By Maggie Helm, Life Coach and Consultant
“Oh no.” I can hear my own distant voice. It sounds like I’m listening to someone far away, through a tunnel. Someone who isn’t me. I realize later it’s my way of coping – to disconnect from what’s happening. To go away. To separate. To look for alternative realities. I don’t understand this in the moment, of course.
In the moment I am shaky and nauseous and childlike. Reason goes out the window. Rational thought isn’t accessible. Just raw harrowing emotion. It consumes me. I feel like I am dying.
There is bright red blood in the toilet, which doesn’t make any sense because I am 11 weeks pregnant. I stand abruptly, turn, and look into the reflecting water of the toilet. It looks like a murder to me. I worry it’s the murder of my child. I don’t know if I can take that kind of loss. That kind of heartbreak. That brand of grief which is elusive and inaccessible to so many people who haven’t experienced it.
I want to crumble to the floor, but I keep my legs under me somehow. I feel like I am disintegrating. I want to lie on the bathroom floor and avoid, pretend, play possum. I call out to Peter, but no matter how empathetic and helpful he is (and he is), he can’t do anything. He can’t do what I need him to do – which is make it not so. Save my baby. He feels like a ghost to me. I can’t reach him. Or rather, I’m the ghost. I’m suddenly translucent and ungrounded. I am dissolving into pieces.
Like many other “older” parents, we worked really hard to get to this moment. It wasn’t the usual – have too much to drink and a month later, whoops, I’m pregnant. We tried for over a year, only to be increasingly disappointed month after month. We got scientific. I learned every sign and symptom of ovulation. I downloaded a fertility app.
More than a year later, I’m pushing up against 40, which is it’s own special kind of ticking time bomb when trying to get pregnant.
The sunlight pushing through the bathroom window feels hard and taunting. Too happy. Too normal. This is not an average day any longer. Peter suggests I call the Doctor. He’s right, of course, but I feel paralyzed. What if they tell me – yes, you are having a miscarriage and there is nothing we can do about it. I am petrified of any information. My fingers feel like needles as I press the buttons to dial. I want someone to tell me it’s going to be ok.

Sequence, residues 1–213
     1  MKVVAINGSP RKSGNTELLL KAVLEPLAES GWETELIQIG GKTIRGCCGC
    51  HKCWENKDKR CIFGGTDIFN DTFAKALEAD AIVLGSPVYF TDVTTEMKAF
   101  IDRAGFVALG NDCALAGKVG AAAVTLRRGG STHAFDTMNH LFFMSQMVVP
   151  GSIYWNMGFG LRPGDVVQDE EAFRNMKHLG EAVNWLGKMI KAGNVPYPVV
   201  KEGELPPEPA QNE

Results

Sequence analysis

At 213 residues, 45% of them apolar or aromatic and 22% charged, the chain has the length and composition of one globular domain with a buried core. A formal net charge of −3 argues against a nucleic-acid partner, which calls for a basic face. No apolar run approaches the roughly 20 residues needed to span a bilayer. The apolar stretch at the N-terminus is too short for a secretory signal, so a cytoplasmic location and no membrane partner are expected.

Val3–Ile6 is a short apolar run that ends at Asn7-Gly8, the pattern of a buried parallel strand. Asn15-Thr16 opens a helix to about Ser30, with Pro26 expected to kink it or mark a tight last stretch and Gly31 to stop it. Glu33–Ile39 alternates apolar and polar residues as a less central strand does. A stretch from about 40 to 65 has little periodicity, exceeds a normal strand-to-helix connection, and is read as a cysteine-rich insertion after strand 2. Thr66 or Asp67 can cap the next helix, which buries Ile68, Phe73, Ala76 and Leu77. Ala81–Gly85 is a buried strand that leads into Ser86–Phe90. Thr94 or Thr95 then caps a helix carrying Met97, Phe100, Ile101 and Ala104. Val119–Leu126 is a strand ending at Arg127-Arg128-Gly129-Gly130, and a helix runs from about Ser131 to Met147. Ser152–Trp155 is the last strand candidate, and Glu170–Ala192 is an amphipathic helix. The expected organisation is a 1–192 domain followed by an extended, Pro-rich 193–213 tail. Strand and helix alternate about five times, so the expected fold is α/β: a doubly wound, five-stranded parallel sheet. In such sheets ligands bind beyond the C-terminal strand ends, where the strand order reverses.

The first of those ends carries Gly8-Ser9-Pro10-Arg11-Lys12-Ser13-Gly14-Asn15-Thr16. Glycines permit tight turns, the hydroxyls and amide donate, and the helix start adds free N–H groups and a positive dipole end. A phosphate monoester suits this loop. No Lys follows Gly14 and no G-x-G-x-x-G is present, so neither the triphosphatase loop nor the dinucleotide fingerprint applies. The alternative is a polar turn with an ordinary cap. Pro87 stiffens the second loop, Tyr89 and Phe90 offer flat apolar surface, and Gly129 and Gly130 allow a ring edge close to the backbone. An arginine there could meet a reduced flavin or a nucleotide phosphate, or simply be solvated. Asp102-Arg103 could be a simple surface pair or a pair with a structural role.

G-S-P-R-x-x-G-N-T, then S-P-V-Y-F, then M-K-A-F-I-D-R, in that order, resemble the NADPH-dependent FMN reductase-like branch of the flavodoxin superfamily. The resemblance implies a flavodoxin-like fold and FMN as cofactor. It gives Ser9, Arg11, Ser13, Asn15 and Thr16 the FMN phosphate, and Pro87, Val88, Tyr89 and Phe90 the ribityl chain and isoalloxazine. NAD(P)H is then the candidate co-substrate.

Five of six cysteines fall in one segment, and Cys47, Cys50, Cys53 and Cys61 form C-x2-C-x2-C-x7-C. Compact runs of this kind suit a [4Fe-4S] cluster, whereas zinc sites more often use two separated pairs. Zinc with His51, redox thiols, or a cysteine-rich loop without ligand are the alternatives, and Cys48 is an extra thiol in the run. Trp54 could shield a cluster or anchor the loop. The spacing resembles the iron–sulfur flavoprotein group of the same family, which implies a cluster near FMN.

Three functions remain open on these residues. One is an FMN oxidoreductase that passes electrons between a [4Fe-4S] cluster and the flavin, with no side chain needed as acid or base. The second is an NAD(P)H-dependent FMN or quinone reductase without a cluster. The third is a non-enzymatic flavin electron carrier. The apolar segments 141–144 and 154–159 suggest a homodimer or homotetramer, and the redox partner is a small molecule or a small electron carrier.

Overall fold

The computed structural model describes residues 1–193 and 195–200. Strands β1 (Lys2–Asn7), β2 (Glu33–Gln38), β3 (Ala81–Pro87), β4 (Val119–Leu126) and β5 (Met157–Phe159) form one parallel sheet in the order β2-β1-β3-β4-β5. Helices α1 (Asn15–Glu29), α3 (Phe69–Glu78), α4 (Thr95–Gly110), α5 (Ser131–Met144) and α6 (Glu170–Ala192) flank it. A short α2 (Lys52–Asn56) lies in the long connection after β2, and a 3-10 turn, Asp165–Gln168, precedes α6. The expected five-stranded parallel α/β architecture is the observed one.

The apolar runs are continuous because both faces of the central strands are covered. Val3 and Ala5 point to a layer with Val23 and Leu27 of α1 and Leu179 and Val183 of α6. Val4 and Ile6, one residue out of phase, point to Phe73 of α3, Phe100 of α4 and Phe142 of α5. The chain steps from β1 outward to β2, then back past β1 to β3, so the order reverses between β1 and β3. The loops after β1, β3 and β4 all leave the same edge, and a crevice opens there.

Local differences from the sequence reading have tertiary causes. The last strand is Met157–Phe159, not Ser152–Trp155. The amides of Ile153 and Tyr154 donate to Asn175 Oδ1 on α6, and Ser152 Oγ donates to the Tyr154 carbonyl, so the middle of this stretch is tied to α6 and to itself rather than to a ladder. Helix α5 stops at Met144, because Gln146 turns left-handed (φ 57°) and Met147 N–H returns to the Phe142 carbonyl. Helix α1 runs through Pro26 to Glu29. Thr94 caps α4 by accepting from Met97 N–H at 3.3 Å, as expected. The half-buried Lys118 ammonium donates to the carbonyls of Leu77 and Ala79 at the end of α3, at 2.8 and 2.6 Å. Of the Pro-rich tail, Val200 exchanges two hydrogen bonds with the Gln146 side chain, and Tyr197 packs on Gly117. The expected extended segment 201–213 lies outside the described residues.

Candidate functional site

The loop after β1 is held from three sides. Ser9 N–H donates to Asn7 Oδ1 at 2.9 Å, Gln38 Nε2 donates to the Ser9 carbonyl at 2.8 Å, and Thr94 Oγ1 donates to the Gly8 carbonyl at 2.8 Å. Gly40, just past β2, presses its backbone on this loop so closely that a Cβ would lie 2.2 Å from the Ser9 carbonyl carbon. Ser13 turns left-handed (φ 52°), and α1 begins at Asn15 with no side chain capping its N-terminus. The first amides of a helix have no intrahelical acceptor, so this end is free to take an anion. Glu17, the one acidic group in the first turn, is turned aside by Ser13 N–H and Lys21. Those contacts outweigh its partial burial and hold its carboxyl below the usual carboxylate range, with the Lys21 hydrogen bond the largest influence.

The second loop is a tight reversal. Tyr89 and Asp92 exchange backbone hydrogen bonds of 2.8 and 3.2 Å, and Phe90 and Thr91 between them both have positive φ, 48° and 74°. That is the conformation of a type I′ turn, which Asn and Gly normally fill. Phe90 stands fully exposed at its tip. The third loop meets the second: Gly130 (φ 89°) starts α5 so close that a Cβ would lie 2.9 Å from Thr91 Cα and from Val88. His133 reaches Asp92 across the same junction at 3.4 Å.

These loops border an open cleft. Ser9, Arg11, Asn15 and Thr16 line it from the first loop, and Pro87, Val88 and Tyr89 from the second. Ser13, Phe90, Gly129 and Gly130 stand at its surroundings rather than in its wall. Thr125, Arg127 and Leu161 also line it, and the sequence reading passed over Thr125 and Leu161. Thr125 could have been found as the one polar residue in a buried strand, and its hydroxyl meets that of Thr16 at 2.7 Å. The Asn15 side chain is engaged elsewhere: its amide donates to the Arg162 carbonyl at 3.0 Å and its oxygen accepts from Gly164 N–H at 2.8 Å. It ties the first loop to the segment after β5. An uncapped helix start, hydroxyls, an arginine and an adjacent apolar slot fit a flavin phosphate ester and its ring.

All around me, everything is a blur. It’s as if I’ve narrowed my peripheral vision to be a thin line. I can only take in so much information. Or so little. I forget to breathe.
My voice catches when I start to tell the nurse what’s going on. She asks how much. I choke over the words “it looked like a lot of blood”. She asked what color the blood was. I said bright red. I knew bright red was bad. I had read on all the pregnancy sites that it was bad. She tells me it may be nothing, but I can come in and do a scan.
We get in the car immediately. Peter is driving more slowly than I ever imagined possible. I want to scream at him. I want to tell him to go around that car. Run that yellow light. I remain silent. I feel hot tears in the corners of my eyes.
It isn’t fair, I howl silently. Why us? Why me? What’s wrong with me? We worked so hard to get here. The unfairness of being given a gift, then having it snatched away, is an anvil-sized weight on my chest. A hardness clamps down on my heart like a vice. I am woozy again. I remember to breathe. I know I’m several breaths away from a panic attack. Peter is telling me that “we can’t know for sure what’s happening. It could be nothing.” It doesn’t soothe me. I need him to say everything is going to be ok. I need someone to tell me everything is going to be ok. I tell him that.
I feel as if I’m losing this baby. I see the future. Our friends and family trying to comfort us. Peter moving on. People telling us to try again. People saying the wrong things. Well meaning, but hurtful like “It’s natures way… it wasn’t meant to be…” And me in the middle of it, a shell of myself, unable to be comforted. Unable to move on. And unwilling to try again. I see myself as half dead with grief. A shadow. Unbearable. Unknowable. Unlovable. And not wanting to be loved. Because it hurts too much.
We have the ultrasound done, and there (s)he is. Moving around, practically waving at us. My Dr types “hi” by the babies hand, for the ultrasound print out. The heartbeat is strong. My baby is alive. Inside I cry out, and the vice loosens from around my heart. The relief is, in some ways, as painful as the fear. How can I care so much about a being I haven’t met yet? How can I be this inextricably connected to another?
It was my first glimpse of how desperate and primal a mother’s need to protect her child is. Nothing else mattered. I didn’t even matter. What an awesome and overwhelming responsibility. Especially because we can’t protect them from every hurt, pain or disappointment.
For all my talk of “being present”, not allowing the mind to tell stories (such as “you ARE having a miscarriage” or “you are NOT having a miscarriage”), in a moment like this, my body and brain did what it had to do. I didn’t have much say in the matter. It was pure survival. And I’m strangely okay with that. It was all in the name of protecting this baby. And it showed me how much capacity for love I have. Maybe that’s being truly present after all.
We delivered a healthy baby girl on 11/23/15, and the love I felt for her grew exponentially that November evening. And continues to grow to this day.
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